The office of Oklahoma Lieutenant Governor sometimes opens the door to becoming governor. Look at David Boren. George Nigh and Mary Fallin. Such will not be the case for Todd Lamb who lost Tuesday’s GOP primary election to Mick Cornett and Kevin Stitt.
So it means one of three persons in the race to replace Lamb will end up becoming the state’s next Lieutenant Governor. One of them is Oklahoma Corporation Commissioner Dana Murphy.
While she received the most votes in the bid for the GOP nomination on Tuesday, she and former state and national Republican party leader Matt Pinnell will go head-to-head in the Aug. 28 primary.
Murphy received 45.85% or 196,727 of the 425,105 votes cast on Tuesday but failed to get 50% plus one to win the nomination. Pinnell trailed with 35.70% or 153,178 votes.
Afterward, Murphy, elected to the Corporation Commission in 2008 issued a statement.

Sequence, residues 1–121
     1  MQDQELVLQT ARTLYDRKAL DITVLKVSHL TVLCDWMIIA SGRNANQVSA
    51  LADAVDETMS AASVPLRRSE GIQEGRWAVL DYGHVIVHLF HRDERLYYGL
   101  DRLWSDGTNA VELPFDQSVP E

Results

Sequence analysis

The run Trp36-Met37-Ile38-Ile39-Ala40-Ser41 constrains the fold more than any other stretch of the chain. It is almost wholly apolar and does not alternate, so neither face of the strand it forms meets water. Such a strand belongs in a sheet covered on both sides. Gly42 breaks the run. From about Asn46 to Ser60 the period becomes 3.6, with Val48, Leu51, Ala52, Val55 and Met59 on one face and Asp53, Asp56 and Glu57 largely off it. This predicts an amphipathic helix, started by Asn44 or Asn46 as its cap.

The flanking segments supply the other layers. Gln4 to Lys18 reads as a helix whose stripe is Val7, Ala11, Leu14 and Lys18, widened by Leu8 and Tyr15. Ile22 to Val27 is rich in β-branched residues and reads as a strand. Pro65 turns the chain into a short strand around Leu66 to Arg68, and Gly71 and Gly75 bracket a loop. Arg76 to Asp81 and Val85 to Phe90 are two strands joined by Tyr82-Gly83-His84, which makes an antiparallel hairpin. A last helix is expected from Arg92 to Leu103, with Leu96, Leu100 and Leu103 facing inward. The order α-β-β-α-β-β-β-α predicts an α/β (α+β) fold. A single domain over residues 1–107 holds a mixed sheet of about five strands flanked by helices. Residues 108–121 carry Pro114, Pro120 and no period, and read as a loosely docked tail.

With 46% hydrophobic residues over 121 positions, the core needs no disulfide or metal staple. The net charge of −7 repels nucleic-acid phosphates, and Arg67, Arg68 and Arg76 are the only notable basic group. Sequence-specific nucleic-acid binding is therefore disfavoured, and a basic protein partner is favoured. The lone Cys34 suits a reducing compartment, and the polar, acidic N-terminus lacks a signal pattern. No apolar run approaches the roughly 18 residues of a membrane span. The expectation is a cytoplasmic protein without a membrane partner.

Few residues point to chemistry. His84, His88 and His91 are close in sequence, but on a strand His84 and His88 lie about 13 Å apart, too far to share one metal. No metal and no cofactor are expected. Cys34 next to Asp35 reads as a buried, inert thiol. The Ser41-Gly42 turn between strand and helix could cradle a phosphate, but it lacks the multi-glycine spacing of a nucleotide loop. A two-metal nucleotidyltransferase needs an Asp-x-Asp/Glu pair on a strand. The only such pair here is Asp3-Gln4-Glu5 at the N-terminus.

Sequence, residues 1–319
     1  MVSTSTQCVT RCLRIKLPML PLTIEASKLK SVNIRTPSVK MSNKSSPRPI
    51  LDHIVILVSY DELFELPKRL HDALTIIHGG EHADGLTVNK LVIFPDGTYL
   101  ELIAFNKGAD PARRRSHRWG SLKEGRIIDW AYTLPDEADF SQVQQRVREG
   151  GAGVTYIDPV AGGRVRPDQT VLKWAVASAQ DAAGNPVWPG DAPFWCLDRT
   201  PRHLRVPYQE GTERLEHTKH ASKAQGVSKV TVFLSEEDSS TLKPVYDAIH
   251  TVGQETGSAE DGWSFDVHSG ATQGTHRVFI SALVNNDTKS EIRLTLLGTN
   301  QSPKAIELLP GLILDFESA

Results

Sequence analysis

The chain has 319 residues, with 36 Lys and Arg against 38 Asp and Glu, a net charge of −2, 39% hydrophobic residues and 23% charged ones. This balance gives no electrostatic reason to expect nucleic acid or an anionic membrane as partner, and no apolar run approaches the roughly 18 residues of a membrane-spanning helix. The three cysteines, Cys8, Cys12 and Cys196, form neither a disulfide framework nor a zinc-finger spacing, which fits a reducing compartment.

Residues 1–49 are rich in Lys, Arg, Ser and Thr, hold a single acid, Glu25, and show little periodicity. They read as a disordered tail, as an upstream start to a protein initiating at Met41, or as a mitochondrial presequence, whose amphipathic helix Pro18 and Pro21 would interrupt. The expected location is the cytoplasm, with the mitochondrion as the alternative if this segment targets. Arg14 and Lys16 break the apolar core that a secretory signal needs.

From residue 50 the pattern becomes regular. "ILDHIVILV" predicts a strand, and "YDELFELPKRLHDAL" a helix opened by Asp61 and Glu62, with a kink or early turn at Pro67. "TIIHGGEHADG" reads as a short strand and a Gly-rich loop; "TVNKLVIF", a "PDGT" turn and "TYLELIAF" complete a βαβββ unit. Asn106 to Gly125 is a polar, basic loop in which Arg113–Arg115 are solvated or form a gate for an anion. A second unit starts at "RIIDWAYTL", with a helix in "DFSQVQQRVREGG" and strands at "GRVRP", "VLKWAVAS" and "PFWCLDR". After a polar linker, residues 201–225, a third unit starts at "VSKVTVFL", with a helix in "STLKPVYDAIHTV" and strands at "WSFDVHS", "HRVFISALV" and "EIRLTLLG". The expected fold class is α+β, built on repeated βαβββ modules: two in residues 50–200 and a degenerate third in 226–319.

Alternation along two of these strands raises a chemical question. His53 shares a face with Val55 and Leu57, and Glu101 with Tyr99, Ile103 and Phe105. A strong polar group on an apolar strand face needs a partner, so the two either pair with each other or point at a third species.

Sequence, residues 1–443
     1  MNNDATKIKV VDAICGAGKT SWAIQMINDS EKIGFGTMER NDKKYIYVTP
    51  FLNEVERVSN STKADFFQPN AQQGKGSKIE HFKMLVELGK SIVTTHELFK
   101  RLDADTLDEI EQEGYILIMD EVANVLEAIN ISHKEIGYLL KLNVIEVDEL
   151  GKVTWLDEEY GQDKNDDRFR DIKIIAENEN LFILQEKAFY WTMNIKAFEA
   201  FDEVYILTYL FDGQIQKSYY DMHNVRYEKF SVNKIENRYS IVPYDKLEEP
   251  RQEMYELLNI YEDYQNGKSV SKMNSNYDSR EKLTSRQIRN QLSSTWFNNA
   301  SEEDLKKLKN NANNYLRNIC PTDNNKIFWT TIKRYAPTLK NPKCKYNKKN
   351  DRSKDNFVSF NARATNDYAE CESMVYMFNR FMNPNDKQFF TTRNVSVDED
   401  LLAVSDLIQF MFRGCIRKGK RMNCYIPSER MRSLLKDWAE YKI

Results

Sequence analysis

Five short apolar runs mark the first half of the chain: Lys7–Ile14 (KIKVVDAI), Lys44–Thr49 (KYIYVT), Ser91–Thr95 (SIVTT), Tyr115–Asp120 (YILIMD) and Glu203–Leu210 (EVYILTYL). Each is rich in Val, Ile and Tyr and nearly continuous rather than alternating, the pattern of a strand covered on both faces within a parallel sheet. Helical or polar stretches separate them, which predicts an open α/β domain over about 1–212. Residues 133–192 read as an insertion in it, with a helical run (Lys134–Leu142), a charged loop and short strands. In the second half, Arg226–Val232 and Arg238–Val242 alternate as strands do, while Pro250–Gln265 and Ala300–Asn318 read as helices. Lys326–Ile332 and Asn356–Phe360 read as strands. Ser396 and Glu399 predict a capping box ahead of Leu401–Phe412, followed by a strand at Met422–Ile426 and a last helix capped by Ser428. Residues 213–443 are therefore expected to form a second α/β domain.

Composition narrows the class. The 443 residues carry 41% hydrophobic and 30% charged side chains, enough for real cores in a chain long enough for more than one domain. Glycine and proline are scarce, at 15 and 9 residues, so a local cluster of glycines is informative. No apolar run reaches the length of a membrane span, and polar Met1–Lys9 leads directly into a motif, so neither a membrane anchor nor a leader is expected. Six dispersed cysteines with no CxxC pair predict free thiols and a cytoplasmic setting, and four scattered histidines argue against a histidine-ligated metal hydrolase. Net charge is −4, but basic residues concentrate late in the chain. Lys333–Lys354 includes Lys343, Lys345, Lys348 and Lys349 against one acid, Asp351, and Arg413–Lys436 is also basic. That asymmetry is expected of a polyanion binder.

“While traveling the state over the past 11 months, I’ve met so many citizens who want to restore faith in our government,” she said. “Our work isn’t done yet! Over the next two months, I will continue to show Oklahomans what I can bring to the role of Lt. Governor, and how I’m uniquely prepared for this position.”
She went on to say that creating lasting change and not temporary fixes will be the hart of her message.
“Oklahomans are tired of moving from crisis to crisis. It’s time for something different in Oklahoma leadership and I’m excited to move forward in bringing that message to all citizens, regardless of party affiliation.”
But party affiliation has been important to Pinnell who served as Oklahoma Republican Party chairman, the youngest in the country at the time. He later became the National State Party Director at the Republican National Committee and boasts of helping elect a Republican majority in the U.S. Senate in 2014 and putting Donald Trump in the White House in 2016.
He has campaigned on the issue of fighting for smaller government, less regulation and a pro-growth business environment.
The winner of the GOP runoff will face Democrat Anastasia Pittman who won the Democratic nomination with 50.42% or 188,676 out of the 374,230 votes cast in the election. She beat Anna Dearmore who had 49.58% of the votes.